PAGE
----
Local view for "http://purl.org/linkedpolitics/eu/plenary/2010-11-10-Speech-3-133"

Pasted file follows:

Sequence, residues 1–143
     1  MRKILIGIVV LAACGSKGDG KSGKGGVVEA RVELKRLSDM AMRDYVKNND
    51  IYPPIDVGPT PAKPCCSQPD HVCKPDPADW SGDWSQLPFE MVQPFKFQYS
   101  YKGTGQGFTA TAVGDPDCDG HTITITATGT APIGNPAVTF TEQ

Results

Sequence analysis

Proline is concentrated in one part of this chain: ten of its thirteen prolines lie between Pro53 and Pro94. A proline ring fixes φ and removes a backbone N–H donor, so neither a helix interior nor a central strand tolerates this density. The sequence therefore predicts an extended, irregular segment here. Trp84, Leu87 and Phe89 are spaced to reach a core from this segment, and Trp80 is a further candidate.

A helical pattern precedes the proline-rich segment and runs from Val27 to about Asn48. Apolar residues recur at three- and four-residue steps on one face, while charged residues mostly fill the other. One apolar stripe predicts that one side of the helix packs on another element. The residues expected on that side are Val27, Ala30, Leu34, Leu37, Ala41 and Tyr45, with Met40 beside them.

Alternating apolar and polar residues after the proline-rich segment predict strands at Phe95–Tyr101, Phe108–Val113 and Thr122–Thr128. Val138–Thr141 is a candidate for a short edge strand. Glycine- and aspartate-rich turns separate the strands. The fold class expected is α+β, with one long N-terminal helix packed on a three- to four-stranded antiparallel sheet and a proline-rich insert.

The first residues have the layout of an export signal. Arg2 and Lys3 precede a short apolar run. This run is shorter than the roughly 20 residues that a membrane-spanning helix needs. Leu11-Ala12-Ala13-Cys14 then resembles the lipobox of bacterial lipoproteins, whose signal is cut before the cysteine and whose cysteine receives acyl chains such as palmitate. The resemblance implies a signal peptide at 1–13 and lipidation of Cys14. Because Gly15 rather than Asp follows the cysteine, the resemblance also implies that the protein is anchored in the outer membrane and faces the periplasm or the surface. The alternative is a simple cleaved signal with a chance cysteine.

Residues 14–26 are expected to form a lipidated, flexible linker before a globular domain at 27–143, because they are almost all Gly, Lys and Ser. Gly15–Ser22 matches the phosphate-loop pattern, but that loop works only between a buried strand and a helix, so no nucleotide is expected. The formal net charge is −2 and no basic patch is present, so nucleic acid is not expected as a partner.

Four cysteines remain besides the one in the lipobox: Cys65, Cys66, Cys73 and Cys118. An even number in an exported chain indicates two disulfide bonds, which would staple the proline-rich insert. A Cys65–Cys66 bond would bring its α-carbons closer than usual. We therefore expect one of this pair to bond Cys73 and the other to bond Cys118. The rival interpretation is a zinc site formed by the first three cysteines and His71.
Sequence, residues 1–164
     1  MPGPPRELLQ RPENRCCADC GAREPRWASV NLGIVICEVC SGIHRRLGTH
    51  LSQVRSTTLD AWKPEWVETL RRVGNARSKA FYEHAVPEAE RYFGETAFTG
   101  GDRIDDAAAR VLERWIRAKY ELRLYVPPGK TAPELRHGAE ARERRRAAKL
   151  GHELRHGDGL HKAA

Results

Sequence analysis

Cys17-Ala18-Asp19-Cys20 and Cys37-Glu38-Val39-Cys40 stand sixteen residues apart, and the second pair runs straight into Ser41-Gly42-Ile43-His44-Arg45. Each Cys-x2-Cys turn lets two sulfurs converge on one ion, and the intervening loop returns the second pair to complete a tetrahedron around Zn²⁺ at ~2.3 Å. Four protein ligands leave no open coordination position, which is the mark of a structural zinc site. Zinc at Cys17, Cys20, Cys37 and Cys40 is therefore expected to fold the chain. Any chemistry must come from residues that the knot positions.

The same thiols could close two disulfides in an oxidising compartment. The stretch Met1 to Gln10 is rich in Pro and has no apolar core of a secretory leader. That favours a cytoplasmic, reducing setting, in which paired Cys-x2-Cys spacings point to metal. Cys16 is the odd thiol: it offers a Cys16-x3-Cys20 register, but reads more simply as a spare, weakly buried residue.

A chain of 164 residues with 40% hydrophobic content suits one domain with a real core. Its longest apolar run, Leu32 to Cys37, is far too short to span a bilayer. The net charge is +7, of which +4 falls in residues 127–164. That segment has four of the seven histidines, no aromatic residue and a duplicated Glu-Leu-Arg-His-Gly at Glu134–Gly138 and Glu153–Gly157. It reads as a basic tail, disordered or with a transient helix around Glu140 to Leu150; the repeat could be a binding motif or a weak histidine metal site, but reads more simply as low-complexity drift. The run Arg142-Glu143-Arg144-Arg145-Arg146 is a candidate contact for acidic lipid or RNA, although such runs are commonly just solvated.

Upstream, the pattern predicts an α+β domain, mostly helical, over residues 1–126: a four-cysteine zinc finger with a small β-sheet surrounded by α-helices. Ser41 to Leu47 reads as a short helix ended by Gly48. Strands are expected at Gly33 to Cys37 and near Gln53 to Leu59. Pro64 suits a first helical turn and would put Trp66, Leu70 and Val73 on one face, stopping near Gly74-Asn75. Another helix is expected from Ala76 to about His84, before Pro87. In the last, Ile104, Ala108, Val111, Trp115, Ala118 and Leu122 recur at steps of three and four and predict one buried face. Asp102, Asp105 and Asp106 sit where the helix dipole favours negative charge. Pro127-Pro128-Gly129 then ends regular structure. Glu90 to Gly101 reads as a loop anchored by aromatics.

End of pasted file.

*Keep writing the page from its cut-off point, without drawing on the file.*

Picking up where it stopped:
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"Mr President, this regulation of alternative investment fund managers provides, firstly, a little more in the way of transparency and rules in this impenetrable jungle of hedge funds and alternative investment funds. Unfortunately, these rules remain incomplete. It is still possible to place unregulated products on the internal market by using passive distribution. Essentially, market access for these products is not restricted effectively. Europe has thus missed an opportunity to extend its rules worldwide and to achieve uniform regulation. Secondly, contrary to Parliament’s wishes, there was, unfortunately, no effective balanced budget rule at European level for the funds. It is still left up to national rules to limit how far the funds can go into debt, and that also means that we are not learning the lessons from the crisis. As a result, there will be a national downhill race in respect of this regulation. What is crucial for us once again is the fact that the asset stripping of companies by private equity funds is not prevented effectively. Of course, there are private equity investments that make sense for companies. However, the rules that are now being laid down are, unfortunately, a long way from being adequate. The rights of workers to information, which they quite rightly expect, are not effective, either, and neither is the protection of small and medium-sized enterprises against this type of asset stripping. In this case, therefore, this is very difficult to justify to the electorate. Unfortunately, the responsibility for this does not lie with Parliament. It lies, in particular, with the intensive lobbying by the sector concerned, which has had particular success with the UK Government, the French Government and, sadly, I have to say, to a certain extent with the German Government. This lobby was also represented here in Parliament by the Group of the Alliance of Liberals and Democrats for Europe. We cannot support this proposal, because it would set a precedent for the failure of Parliament to implement effective rules. It is not possible for us to stand before our electorate with our heads held high and say that we have succeeded in regulating this netherworld effectively. We hope that we will make some progress in the revision of the directive. I would like to say a big thank you once again, particularly for the cooperation with my fellow Members in Parliament."@en1

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